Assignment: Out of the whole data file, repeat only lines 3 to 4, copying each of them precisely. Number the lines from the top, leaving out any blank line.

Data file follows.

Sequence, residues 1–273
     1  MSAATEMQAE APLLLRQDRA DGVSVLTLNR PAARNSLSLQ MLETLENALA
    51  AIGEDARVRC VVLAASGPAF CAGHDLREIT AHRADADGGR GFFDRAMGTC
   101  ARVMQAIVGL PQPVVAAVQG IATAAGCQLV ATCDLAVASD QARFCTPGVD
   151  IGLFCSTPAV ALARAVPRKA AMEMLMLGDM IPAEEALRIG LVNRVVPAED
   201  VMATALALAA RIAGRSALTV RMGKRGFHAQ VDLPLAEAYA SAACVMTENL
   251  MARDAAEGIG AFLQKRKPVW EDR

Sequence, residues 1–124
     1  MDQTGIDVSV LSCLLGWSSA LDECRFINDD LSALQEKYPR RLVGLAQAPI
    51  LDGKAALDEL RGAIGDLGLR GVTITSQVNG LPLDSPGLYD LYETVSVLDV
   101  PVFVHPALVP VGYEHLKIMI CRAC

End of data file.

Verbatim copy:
    51  AIGEDARVRC VVLAASGPAF CAGHDLREIT AHRADADGGR GFFDRAMGTC
   101  ARVMQAIVGL PQPVVAAVQG IATAAGCQLV ATCDLAVASD QARFCTPGVD